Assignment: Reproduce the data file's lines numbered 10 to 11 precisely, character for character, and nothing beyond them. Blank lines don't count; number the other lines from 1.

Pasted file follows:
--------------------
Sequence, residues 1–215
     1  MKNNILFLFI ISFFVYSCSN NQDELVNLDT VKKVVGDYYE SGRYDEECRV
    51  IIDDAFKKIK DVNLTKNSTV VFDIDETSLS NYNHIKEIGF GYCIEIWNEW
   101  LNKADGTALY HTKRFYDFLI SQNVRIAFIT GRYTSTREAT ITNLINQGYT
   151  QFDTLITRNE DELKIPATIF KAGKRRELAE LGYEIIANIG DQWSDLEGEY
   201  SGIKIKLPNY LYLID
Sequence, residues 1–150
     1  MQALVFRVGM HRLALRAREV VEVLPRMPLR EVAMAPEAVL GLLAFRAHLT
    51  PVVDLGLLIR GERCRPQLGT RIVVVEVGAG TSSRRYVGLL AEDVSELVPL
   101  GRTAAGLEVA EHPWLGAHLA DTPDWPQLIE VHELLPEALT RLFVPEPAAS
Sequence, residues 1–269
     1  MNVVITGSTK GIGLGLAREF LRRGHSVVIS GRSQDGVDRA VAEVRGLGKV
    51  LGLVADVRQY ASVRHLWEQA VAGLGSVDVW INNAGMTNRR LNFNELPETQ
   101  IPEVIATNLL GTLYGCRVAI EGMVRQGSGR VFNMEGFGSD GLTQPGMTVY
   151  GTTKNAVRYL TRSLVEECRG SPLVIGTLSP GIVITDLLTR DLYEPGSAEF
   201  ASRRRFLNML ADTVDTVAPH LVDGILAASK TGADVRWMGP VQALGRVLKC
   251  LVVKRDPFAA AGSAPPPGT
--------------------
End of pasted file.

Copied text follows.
   101  GRTAAGLEVA EHPWLGAHLA DTPDWPQLIE VHELLPEALT RLFVPEPAAS
Sequence, residues 1–269